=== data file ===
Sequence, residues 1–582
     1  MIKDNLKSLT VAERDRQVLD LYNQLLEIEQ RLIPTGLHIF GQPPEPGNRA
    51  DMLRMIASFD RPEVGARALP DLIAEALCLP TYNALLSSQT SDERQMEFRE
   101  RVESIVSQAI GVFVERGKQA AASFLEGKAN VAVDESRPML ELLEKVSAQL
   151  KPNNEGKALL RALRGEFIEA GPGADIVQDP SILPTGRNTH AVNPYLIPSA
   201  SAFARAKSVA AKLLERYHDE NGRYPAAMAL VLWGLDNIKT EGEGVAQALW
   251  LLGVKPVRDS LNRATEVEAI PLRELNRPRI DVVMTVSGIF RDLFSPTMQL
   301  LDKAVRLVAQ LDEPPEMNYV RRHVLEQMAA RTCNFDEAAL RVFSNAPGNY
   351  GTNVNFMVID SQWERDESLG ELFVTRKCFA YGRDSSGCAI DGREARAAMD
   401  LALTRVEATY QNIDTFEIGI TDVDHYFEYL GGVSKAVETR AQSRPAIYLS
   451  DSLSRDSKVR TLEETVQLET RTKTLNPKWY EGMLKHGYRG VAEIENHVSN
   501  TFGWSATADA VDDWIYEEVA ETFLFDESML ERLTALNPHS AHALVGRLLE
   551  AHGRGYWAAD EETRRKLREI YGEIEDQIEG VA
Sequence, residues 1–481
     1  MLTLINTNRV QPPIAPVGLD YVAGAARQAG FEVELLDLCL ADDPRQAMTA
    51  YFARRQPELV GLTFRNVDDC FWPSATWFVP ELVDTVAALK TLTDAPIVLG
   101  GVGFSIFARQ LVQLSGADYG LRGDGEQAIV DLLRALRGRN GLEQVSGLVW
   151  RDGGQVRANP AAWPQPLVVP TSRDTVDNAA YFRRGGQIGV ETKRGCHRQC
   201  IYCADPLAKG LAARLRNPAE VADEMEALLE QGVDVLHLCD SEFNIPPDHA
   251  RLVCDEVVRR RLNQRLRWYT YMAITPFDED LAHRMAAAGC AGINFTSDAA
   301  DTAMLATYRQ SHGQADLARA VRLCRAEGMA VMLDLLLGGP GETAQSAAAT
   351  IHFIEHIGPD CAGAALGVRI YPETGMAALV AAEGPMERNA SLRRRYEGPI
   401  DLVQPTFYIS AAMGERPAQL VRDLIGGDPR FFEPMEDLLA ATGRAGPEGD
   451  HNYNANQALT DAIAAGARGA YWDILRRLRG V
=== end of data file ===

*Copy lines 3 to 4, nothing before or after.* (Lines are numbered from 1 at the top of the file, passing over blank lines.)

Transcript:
    51  DMLRMIASFD RPEVGARALP DLIAEALCLP TYNALLSSQT SDERQMEFRE
   101  RVESIVSQAI GVFVERGKQA AASFLEGKAN VAVDESRPML ELLEKVSAQL